Monday, September 6, 2010

New extruder, continued.

As promised some details about the new extruder.

The new extruder as described in a previous post was connected to a new x-carriage using L-shaped aluminium strips and m3 bolts. The x-carriage is the same as the x-carriage made for the makerbot MK4 extruder. I decided to keep the old carriage with MK4 extruder untouched to be able to switch back an forth between extruders easily by just replacing the whole x-carriage. Extruders not being the most reliable part of the 3D printers...
I used a new nozzle and PTFE insulator from Though this nozzle and insulator are meant to be used as in standard mendel fashion (glued at the insulator), I decided to make the construction a bit stronger. The filament is pushed down with quite a bit of force into the nozzle and when the insulator is getting warm it may fail. To prevent the downward force to be taken up by the insulator most modern extruders have some kind of support connecting the nozzle to the rest of the extruder above the insulator. I used a thinned M6 nut on the nozzle and stip of alumium attached by 2 long m3 bolts to protect the insulator.

The aluminium strip is not ideal as it conducts heat too well. The contact area between the nut and the aluminium is kept as small as possible and there is a bit of kapton tape in between; the nozzle does not touch the aluminium.  A new design for the mendel extruder which can be found in the wiki uses a piece of PEEK, but I did not have that available. Below the aluminium strip a short part of the nozzle is left to put the nichrome wire around and to attach a thermistor. All is electrically isolated with kapton tape. As I did not have proper heat insulation around the hot end of the extruder like in the MK4 extruder and the metal strip is leaking some heat, I see it takes a bit longer for the extruder to warm up properly and the temperature seems to vary more than it used to. This does not seem to hurt the operation and the extruder is working fine. A hose clamp around the insulator is an additional bit of protection, not sure if that is really needed, but it probably won't hurt.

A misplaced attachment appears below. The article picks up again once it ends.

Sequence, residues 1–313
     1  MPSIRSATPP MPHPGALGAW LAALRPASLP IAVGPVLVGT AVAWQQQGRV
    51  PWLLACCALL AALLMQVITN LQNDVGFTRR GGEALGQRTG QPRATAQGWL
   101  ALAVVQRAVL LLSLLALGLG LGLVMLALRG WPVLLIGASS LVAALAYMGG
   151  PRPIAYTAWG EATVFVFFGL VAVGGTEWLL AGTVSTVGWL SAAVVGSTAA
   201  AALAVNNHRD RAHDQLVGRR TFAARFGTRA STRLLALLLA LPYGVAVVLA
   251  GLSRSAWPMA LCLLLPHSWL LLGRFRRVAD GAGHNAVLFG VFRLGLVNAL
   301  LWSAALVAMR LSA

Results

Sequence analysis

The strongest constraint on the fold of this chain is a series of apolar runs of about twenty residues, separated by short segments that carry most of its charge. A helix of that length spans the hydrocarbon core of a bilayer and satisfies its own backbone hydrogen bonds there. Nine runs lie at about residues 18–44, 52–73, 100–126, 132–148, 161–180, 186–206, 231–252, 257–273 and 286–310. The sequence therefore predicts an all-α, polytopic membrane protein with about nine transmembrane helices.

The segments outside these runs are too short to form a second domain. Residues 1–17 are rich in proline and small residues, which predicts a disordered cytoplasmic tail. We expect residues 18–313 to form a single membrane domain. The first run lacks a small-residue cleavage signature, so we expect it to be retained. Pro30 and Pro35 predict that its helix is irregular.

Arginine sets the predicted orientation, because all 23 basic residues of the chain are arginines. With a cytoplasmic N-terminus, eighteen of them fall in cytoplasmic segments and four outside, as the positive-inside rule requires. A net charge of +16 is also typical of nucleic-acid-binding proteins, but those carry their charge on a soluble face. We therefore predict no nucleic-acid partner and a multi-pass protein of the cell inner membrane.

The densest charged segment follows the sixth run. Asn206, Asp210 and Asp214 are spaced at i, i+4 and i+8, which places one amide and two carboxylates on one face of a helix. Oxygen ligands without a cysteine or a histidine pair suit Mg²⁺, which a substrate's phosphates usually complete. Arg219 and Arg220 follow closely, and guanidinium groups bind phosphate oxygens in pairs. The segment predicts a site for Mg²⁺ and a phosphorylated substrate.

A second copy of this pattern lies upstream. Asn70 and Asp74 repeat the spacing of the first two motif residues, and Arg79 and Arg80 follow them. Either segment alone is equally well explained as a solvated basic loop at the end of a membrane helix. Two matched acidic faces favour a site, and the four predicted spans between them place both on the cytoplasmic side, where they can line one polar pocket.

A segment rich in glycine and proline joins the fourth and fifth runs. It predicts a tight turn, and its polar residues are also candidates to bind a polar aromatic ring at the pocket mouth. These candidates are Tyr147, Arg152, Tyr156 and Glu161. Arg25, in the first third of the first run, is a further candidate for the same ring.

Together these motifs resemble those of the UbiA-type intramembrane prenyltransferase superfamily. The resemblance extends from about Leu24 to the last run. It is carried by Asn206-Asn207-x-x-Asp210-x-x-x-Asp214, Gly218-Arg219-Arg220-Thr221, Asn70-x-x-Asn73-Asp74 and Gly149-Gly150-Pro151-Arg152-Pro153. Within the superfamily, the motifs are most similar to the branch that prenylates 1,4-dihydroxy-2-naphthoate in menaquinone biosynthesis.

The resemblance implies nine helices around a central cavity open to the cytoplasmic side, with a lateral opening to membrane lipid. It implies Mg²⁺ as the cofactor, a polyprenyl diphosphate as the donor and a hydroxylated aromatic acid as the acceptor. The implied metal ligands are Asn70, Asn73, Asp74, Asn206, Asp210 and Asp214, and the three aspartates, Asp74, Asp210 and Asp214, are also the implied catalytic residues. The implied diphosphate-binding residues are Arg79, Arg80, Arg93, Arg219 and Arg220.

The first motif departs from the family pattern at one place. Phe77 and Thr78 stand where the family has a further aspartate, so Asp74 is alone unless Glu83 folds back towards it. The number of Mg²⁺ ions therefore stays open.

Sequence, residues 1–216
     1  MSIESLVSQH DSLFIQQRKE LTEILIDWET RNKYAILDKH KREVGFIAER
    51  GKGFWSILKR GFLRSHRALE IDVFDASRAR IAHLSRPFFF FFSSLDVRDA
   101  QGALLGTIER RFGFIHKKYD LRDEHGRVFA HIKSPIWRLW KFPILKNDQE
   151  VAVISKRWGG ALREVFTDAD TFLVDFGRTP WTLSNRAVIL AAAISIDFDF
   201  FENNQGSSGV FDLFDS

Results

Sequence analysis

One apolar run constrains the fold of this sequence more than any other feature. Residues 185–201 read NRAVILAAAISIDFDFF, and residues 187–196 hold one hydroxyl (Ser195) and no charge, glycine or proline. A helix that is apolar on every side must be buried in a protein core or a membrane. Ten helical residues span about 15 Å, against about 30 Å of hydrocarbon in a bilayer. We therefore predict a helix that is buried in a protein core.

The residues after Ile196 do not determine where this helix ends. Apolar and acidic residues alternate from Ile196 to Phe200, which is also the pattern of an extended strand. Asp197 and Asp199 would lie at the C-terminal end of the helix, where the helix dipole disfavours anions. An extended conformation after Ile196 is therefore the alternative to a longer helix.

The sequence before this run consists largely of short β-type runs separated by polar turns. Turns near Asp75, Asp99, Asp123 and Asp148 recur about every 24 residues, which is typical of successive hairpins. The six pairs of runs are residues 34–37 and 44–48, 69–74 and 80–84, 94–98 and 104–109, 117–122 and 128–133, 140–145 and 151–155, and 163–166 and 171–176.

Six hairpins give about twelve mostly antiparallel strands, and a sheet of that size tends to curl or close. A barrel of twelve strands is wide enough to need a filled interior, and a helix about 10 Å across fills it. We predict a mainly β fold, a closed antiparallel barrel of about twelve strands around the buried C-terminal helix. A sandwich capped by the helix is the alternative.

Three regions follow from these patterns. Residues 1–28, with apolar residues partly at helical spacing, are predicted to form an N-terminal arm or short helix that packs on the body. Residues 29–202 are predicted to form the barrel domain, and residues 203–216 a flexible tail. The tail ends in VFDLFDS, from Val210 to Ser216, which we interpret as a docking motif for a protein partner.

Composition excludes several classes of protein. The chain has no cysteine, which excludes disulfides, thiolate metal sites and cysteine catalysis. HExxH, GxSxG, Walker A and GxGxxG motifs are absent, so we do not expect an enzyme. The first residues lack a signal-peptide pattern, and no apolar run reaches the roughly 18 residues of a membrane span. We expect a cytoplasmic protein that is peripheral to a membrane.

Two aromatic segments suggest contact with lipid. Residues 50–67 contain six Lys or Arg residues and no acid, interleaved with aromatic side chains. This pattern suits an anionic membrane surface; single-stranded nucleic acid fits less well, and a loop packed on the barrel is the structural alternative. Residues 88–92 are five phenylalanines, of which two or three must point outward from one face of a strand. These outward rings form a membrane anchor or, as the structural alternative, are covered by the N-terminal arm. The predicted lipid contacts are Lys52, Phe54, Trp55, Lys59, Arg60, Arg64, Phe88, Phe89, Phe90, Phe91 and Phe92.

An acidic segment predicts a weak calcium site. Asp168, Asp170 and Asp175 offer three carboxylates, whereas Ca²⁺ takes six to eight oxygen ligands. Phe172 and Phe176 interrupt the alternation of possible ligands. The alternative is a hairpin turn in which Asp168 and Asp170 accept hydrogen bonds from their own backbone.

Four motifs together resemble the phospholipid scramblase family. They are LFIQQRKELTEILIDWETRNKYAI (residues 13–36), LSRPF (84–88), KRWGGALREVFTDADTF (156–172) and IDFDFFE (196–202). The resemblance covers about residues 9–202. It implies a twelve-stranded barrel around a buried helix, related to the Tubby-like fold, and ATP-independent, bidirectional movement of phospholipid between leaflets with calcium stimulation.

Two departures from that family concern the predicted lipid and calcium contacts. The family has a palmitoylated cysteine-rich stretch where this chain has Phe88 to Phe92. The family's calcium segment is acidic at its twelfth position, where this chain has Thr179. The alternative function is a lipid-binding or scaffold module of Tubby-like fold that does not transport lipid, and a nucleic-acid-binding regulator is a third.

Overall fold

The stepper motor is controlled by a TCA3727 integrated circuit via a separate arduino board. The TCA3727 is quite old and better alternatives can be found, but is works fine. A quick-and-dirty program was written to make the motor turn at a constant speed using full steps. The circuit allows for quarter and eighth step but I did not think that would be necessary; that was a wrong, because while the stepper motor turns at the right speed, it vibrates horribly. Especially since the x-carriage is pulled down by gravity only (no ball bearings under the horizontal metal rods), one full step lifts the carriage an invisible fraction everytime before it falls back. When PLA is extruded in the air and left to flow down, it is visible that the extrusion in not constant but it is a bit thicker for each step. Some more software should fix this later.

The extrusion motor control is not integrated with the rest of the electronics or the rest of the software. I manually start extrusion and the printer software is still sending signals to the MK4 gearmotor, though that is not connected anymore. This works surprisingly well. Of course there are ugly plastic lines from head movements where the extrusion should be off but isn't here an there, but depending on the object to be printed these could be tolerated. Of course this will be fixed later, having precise control over the extruder was one of the reasons for building a stepper controlled extruder in the first place.

So far I used the MK4 extruder only with ABS plastic. The pulley which is used to get a grip on the plastic filament has "teeth" which are quite wide. The ABS was clearly stretched and clear marks of the pulley are visible on the filament. Since PLA plastic is much harder (when cold) than ABS. I did not even try it, though some people did get it to work. The new extruder is using many more, but much smaller "teeth" to get grip on the filament. PLA has the advantage of warping much less allowing larger objects to be made. The largest object made so far with ABS is the big gear on the new extruder. It too is warped a bit, but it is just "flat enough" to work.

Summarizing things that can be improved still on the extruder:
- extruder connected with 2 aluminium strips on each side, a better design should allow that to be just one part
- motor control from 3D printing software. I currently use replicatorG but I have not found how that can be integrated with a stepper controller yet, maybe it is time to switch over to the FiveD reprap software which has inbuild extruder stepper motor control.
- Wiring should be fixed.
- 8th stepping to be implemented.

The extruder works though and printed without issues for more than 2.5 hours in a row on a single object.

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